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"A Place in the Woods"
Camping is a much loved activity and a cornerstone of the Girl Scout experience. In 1945, after many years of successful day camps, the Negro Divisional Board and the Inter-racial Committee of the Duval County Girl Scouts, realized that the African American Girl Scouts needed a permanent established camp of their own.
Under the leadership of Rev. Dr. L.E. Terrell of Bethel Baptist Institutional Church, a fundraising campaign began, with a goal of $15,000.
Members of the fund-raising committee included Mrs. Marie Broome, Mrs. M.L. Carter, Mrs. Beulah Matthews, Rev. Foster, Rev. Dr. Terrell, Mrs. Alexander, Mrs. M. Aveilhe, Mrs. E.M. Brown, Mrs. Lessie Crowd, Mrs. Martha Lee, Mrs. Elizabeth Meuse, Mrs. Hattie Wiley, Mrs. Mary George, Mrs. Marjorie Singleton, and Mrs. A. Fleming.
The property search proved challenging. A tract of land at Peter’s Creek near Camp Chowenwaw was purchased by the Negro Divisional Board, but had insurmountable access problems, so an alternative location was found in St. John’s County near Bayard.
Miss Laura Vitray of the Girl Scout National Publications Division describes this property: “The site is entirely surrounded by forest holdings of the Nocatee-Manatee Crate Company; the purchase of the land was largely due to the efforts of Mrs. Fred McConnell of this company, a former commissioner of the Duval County Girl Scouts. It is typical hammock land of the southern coastal region, and abounds in hickory, tall pine, magnolia and palm trees. Bordering the land on the north is Deep Creek which is definitely tidal and which empties a mile east into the Tolamato River, a part of the Inter-Coastal Waterway.”
The community rallied behind the Girl Scouts and gave generously to fund the new camp. Virtually every church, school and social club contributed. The purchase of a 72 acre property was completed July 23, 1948 at the cost of $3,500, and in October of that year, the deed to their new camp was received by the Girl Scouts.
Camp Chanyata – “A Place in the Woods” was dedicated in 1952. Mr. Joseph Ripley had donated the concrete blocks . Rev. Dr. Terrell, Mr. Earl Johnson, Mr. V.C. Johnson, owner of Dinsmore Dairy; Mr. Calhoun Geiger, owner of a sawmill and farm, Mr. Alfred Geiger, the Greenleaf and Satterwhite families, to name a few, contributed the labor. Mr. E.A. “Bossman” Downing directed the group.
Miss Ditray’s narrative describes the work: “A total of 12 workdays were held from March 29-October 4. During that time the land was cleared, a long 12’ bulldozed barrier which completely blocked the woods from the cleared area was hauled off for fill or burned, dead trees were cut, sawed and hauled into place as Council Ring seats, and the area for building was marked off and carefully cleared. It was decided to construct a lodge in 4 steps: 1. The building of a 24’ x 32’ main room with concrete floor and slat siding with shutters and screens. 2. The addition of a fireplace, 3. The addition of a 10’ x 32’ porch. 4. The addition of an ell including a kitchen, a staff room, and washroom or storage space.” The total cost? $587. All of this was done by volunteer labor. A contractor had built a wash house and a storage building, and had dug an artisan well.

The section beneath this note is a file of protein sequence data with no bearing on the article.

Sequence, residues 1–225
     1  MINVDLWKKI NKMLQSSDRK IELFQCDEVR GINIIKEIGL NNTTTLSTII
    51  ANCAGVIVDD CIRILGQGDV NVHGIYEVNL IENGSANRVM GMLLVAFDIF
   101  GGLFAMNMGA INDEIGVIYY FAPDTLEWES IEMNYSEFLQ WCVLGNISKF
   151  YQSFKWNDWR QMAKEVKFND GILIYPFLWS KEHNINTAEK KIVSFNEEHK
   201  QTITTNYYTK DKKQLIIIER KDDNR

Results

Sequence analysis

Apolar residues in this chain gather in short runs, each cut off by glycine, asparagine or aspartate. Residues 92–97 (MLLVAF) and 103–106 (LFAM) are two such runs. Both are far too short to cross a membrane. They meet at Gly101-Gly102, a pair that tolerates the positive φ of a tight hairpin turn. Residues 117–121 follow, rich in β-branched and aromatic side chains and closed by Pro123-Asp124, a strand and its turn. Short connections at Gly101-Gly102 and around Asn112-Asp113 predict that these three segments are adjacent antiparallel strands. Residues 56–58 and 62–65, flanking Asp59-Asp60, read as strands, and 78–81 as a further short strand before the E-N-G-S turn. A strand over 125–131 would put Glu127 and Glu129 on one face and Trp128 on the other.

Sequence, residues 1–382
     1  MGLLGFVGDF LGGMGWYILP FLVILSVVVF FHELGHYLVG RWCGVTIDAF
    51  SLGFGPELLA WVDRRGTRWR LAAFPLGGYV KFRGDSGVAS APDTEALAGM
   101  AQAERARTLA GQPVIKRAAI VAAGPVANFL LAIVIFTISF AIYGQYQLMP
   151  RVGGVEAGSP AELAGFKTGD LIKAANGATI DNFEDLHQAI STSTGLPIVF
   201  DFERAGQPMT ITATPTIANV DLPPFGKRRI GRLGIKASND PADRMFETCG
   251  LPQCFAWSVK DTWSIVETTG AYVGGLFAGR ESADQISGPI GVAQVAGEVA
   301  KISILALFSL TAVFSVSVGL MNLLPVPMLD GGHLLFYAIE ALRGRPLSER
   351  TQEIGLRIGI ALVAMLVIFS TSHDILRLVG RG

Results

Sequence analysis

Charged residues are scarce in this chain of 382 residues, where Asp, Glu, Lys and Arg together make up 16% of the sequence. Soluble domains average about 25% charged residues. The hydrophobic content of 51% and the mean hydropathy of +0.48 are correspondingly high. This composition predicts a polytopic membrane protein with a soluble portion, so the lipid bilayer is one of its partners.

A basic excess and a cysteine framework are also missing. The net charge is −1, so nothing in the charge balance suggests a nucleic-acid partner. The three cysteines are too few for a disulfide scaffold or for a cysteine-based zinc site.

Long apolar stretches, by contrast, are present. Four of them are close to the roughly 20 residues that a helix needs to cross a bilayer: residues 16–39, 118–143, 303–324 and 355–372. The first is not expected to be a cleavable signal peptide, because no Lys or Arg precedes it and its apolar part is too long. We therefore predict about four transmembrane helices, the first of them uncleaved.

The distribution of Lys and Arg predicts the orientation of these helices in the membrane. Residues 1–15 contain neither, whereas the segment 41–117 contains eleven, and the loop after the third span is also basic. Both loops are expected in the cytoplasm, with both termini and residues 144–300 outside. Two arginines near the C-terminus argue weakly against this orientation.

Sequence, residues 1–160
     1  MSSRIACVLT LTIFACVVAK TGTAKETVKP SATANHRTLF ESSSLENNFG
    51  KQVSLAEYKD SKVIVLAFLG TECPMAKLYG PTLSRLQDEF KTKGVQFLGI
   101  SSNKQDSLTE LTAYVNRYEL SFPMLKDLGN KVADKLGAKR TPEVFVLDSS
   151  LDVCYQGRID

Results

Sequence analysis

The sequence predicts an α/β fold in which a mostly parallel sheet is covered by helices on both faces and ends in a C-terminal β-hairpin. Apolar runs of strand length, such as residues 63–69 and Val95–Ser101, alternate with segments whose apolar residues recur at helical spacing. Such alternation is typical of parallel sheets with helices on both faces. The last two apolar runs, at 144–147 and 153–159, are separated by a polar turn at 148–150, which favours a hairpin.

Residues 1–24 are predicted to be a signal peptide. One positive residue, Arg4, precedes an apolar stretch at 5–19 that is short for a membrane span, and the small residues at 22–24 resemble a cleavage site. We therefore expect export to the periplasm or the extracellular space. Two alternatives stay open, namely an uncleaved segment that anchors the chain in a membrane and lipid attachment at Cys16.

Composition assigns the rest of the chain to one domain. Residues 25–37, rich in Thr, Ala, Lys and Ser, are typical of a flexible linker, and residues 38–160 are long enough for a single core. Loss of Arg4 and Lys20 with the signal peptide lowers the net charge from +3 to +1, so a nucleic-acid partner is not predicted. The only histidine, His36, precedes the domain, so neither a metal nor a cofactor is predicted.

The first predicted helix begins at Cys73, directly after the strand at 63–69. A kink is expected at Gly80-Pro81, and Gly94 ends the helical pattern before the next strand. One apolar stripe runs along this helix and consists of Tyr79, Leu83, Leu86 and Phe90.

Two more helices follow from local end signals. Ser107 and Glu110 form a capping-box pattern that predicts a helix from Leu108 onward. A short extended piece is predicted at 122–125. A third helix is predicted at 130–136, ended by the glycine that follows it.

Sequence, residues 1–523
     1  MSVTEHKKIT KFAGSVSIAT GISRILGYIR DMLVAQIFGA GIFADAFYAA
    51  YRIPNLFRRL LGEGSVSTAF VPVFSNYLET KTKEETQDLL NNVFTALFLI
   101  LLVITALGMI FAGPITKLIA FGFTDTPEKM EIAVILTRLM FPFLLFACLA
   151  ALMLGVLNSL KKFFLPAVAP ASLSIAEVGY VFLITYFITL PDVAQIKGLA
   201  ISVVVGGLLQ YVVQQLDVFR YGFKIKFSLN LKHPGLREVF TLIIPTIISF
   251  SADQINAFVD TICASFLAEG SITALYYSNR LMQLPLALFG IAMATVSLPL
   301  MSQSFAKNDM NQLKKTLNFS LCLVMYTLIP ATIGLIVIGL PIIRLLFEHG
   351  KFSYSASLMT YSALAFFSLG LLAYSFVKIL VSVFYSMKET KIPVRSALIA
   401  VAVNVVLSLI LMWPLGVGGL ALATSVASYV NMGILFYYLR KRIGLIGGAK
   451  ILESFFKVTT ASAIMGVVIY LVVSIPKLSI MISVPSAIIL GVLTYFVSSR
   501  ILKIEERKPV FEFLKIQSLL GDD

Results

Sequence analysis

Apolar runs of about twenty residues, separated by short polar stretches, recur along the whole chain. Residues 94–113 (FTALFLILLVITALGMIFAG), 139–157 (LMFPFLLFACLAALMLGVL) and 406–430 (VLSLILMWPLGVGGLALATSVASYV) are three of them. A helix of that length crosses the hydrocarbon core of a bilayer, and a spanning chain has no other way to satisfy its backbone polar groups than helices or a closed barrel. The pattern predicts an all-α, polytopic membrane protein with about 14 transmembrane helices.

The first construction phase included a main lodge, but it was not completely equipped until 1954. The January 21, 1954 Board minutes describe the main lodge as large enough to accommodate 24 girls and 6-8 adults.The main room included a slump-brick fireplace, dining facilities, a kitchen, and staff room. Fire-lanes were plowed around the campsite and the waterfront graded for more accessibility.
In the April 17, 1952 board minutes Mrs. Sulzbacher suggested that “permission be granted to build a friendship fireplace at the camp with all Girl Scouts in the city contributing five cents each to pay for the cost, subject to the approval of the individual troops.”
Again, Miss Ditray’s narrative: “Last spring an opportunity was given for all individuals and groups to participate in a Friendship Fireplace Fund, pointing up the Girl Scout Law [A Girl Scout is a friend to all and a sister to every Girl Scout]. Figurative bricks were sold at 5[cents] a brick. Contributions were many and varied. A large number of white troops in addition to the Negro troops responded. A sum of about $200.00 was raised-with some trickling in constantly.
Camp Chanyata served the Girl Scouts well, but in a letter to the St. John’s County Sheriff dated May 7, 1952, Mrs. Eloise Derbyshire noted the camp had been vandalized several times, losing equipment, two toilets, and a wash basin. Her letter states that the latest incident was in April 1952. Other records show Chanyata was vandalized in 1953, again in 1954.
In 1966, Camp Chanyata was re-built and re-dedicated “This Place in the Woods.” Wrestler Eddie Graham contributed a wrestling-match winnings to the re-building. As Girl Scouting expanded in Northeast Florida and Camps Chowenwaw and Kateri were in full use, Camp Chanyata was used mainly for primitive camping. The property was eventually sold in 1980.